Prabhanand Dabholkar’s daily routine involves weighing the fish being lifted from his boat. His immediate concern is quickly sorting the fish into piles that will end up at different places and be sold to different people for distinct uses. “I make a good living from this,” he says while swatting away flies. “Will you come and see my new house? It is not far from here.”
As Dabholkar plies us with a nutritious breakfast of upma, he tells us more about his rise in fortune. “Much of what I have now is thanks to the use of a new range of fishing technology, including SONAR fish finders and GPS. My father was a fisher too, but we only used a wooden rowing boat then. We also had to depend on knowledgeable people to predict where the fish would be. Adept fish finders were like a bumper catch,” he says, “few and far between.”
Dabholkar uses the technologies to catch anovel suite of marine species. No longer are kingfish, mackerels and pomfrets his staple, although they form the bulk of his catch. Species like ribbonfish grab most of his attention now.
The catch from his fishing boats goes to Dapoli town in Maharashtra’s Ratnagiri district. They also travel to Mumbai and southward to feed sunkissed tourists in Goa. Significantly, a large part of what he catches ends up in Fujian Province in China, selling for Rs100 to Rs 250 per kilogram. When asked if there is a difference between feeding consumers in Dapoli, near his village, and those in China, Dabholkar replies that it is simply a matter of getting better price: sending fish to China means sending his children to better schools. “I do not want my children to fish,” he says. “The life of a fisherfolk is too hard, too variable and too risky.” This is an oft-repeated sentiment among the fishers who have made it big, be it in Maharashtra or Tamil Nadu.
I wonder if people like Dabholkar ever feel any cultural legacy for an occupation that has sustained them for generations. ´╗┐Or, could it be that fishing was just a job to them?
A conversation with Paul, a worker on a trawl boat in Kerala, begins to clarify the issue. “I used to be the person standing at the helm of the kattumaram (traditional catamaran), telling people where to go, where they could find the fish,” he says. “Now I work on a trawl boat like anyone else.” Paul’s nephew and cousin vouch for his expertise and say they still come to him sometimes for advice on where to steer the boat. But Paul brushes their praise aside, saying, “They have the new-fangled devices these days. What is the use of all my hard-earned knowledge?”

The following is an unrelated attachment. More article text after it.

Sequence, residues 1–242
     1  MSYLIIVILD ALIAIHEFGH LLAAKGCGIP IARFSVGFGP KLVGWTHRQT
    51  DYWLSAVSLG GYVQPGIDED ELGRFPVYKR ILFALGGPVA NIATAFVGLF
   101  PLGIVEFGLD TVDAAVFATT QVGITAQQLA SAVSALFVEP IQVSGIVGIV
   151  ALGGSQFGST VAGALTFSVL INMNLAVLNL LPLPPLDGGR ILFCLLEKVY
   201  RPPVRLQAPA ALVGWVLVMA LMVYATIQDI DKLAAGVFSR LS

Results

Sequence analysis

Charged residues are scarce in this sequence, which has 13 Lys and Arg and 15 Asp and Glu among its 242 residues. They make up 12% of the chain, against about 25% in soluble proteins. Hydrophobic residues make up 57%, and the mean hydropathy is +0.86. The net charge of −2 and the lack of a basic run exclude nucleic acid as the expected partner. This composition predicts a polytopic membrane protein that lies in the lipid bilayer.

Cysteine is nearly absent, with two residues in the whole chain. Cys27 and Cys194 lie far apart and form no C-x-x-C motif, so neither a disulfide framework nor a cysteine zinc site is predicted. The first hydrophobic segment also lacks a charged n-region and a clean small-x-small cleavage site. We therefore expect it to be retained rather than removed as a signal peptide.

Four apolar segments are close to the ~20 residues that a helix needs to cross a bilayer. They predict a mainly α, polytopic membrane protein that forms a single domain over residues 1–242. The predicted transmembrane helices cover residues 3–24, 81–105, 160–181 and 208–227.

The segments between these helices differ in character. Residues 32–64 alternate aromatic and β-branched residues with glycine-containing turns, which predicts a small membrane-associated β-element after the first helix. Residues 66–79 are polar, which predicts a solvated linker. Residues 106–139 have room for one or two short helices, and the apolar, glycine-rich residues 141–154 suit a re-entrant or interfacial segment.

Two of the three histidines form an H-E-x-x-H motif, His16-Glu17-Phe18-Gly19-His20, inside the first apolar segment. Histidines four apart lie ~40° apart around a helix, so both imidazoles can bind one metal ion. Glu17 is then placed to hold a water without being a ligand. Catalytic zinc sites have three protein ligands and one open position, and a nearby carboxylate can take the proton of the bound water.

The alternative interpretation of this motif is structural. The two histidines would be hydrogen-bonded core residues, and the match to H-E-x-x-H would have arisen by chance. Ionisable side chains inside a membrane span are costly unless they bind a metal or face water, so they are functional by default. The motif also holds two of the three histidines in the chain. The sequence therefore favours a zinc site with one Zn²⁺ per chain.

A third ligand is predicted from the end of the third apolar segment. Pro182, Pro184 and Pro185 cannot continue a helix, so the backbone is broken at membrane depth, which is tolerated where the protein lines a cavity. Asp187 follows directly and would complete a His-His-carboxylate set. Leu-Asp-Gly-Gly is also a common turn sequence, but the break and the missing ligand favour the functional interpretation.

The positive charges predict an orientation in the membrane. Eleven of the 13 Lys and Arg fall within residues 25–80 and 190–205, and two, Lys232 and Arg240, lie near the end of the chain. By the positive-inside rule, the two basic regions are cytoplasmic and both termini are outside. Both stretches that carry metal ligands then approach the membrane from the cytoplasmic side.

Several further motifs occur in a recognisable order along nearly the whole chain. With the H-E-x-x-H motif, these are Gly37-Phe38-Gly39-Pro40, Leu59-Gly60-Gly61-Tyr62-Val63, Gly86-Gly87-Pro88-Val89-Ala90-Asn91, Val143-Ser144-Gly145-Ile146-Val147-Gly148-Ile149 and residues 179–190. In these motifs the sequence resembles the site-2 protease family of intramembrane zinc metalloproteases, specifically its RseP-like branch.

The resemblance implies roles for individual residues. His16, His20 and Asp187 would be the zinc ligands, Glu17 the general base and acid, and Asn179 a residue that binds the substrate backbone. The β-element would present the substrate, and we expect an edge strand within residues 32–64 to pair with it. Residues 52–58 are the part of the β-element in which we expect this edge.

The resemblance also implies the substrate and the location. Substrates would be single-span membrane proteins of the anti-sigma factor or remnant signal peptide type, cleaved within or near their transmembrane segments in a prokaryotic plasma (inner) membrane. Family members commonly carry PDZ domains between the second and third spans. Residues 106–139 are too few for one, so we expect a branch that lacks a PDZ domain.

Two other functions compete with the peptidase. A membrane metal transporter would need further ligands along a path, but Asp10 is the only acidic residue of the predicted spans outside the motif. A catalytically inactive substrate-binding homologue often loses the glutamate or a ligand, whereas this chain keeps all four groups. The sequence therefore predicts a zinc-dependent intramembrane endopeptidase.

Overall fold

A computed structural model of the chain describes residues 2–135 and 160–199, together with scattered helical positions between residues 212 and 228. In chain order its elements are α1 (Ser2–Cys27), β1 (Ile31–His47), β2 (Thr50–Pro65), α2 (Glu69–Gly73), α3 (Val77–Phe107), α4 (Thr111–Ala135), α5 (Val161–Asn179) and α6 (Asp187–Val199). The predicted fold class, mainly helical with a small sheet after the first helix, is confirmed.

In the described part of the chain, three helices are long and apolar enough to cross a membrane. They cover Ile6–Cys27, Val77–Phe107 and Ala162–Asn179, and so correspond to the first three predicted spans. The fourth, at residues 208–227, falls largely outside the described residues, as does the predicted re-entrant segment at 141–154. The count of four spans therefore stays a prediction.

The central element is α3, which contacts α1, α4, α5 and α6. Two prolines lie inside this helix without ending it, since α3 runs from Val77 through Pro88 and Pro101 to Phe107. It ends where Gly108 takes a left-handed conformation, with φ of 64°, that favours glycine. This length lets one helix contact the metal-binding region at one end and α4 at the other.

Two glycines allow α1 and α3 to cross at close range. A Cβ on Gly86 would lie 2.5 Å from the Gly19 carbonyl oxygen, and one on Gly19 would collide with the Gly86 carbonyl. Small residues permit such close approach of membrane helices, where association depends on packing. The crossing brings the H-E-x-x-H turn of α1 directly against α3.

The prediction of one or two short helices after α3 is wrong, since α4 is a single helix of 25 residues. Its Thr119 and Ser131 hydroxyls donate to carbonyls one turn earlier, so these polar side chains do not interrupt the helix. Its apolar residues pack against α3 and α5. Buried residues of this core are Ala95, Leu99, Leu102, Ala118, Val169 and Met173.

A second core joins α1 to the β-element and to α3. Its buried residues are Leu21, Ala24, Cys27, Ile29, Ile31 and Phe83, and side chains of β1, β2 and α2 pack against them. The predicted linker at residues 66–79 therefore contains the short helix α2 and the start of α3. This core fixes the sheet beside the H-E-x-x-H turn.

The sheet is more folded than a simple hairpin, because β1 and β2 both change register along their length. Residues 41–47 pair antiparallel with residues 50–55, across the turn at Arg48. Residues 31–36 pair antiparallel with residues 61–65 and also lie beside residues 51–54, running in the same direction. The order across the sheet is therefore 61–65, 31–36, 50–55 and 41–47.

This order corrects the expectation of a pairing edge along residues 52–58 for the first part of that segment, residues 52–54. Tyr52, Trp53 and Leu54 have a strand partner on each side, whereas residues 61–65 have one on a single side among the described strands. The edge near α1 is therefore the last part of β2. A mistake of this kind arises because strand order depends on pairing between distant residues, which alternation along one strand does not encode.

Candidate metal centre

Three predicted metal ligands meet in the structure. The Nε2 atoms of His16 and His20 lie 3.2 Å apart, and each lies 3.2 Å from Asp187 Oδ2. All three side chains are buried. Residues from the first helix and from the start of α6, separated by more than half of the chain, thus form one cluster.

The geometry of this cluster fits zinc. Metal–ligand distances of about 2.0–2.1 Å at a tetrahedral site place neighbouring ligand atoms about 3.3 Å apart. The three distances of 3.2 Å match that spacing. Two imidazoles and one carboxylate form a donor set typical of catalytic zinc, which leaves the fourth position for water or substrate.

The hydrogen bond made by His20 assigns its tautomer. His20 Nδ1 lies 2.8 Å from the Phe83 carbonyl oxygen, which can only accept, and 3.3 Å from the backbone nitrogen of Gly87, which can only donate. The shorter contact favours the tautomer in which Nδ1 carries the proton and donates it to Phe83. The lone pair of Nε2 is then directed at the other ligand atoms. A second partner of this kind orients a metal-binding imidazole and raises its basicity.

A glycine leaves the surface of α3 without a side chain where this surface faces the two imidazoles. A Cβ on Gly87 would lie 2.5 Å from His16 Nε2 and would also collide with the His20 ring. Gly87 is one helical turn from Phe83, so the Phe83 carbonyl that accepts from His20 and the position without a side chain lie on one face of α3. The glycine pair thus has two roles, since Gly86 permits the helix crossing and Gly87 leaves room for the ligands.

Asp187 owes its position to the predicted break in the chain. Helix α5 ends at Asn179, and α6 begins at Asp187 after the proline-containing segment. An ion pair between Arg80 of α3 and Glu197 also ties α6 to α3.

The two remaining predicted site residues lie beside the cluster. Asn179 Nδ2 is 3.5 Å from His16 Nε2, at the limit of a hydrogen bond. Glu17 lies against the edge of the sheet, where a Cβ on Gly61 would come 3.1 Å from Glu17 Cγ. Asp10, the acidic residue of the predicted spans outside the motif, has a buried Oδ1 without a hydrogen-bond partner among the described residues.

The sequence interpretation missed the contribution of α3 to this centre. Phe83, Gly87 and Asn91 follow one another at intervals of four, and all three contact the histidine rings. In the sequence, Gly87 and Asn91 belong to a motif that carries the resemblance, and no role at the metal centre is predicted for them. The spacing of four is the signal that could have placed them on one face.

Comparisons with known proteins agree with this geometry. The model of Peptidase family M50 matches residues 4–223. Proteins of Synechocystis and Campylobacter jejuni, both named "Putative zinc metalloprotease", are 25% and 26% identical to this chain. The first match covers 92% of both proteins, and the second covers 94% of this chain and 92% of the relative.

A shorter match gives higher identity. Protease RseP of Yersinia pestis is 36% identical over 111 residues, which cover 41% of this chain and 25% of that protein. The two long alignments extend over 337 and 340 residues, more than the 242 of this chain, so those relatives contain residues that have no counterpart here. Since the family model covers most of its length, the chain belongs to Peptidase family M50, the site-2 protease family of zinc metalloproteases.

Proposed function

Paul’s disillusionment in the whole enterprise of fishing seems to stem not from his earnings, which have risen, but from a lack of respect for his knowledge in fishery. There is a growing disconnect between fisherfolk and what they catch. Knowing the breeding cycles, movement patterns and other biological rhythms of different species of fish are no longer essential for making big catches. While such knowledge might still be important, what is more important today is the capacity of the net, its ability to withstand force as it is dragged through the water to catch whatever comes in its path, and the boatman’s ability to read SONAR map. A fisher’s identity no longer lies in the skills developed over a lifetime. Paul chose a lack of respect over an entirely new profession. “What respect could I earn in a new line of work with no experience at my age, anyway?” he asks.
Far from romantic ideals about traditional livelihoods and identities, fisherfolk today are infused with a strong sense of practicality. “The way we fish these days, lets painters and politicians call themselves fishermen,” complains Arumugam, a fisherman from Tamil Nadu. “The whole profession is changing, right from the way we fish to people involved in the profession. How can we possibly conceive of a future in this line of work, if we do not know whether we can keep up?” Both the people benefitting from fishing and those making losses feel the same way and are looking for alternative career paths for their children. This perhaps indicates that the economic “trickle- down” of alternative occupations is actually happening in rural India. Perhaps the fisherfolk were simply locked into their professions for lack of anything better to do.
But this seemingly simplistic explanation also has something to say about interference in fishery by policymakers, sitting in a room faraway, never having gotten their fingers wet. How well do agricultural economists really know the system that they are trying to streamline?
An alternative explanation is that the occupation is just becoming too mechanical—and as a consequence, easy. There is an increase in fishing boats which means newcomers—who do not require traditional skills— can now make a living from fishing. But this also means competition for traditional fisherfolk who are reporting declining catches. The trend of moving away from fishing as a livelihood option coincides with advances in fishing technologies, and might have come at a good time. Global concerns about overexploitation of fish are echoing among fishing communities in India. Joel Salatin, a famous organic and eco-friendly farmer in the US, said, “We are wasting too much time working out how to do things (more economically efficiently). Nobody is stepping back to ask why (are we doing these things)?” The answer may be obvious to the economists in the room but economic efficiency always comes at a price that is ignored.
Is the new blood in the fishing industry equipped to develop a sense of responsibility and ownership of the fishery and its fish? Only time will tell.
Divya Karnad is a conservation scientist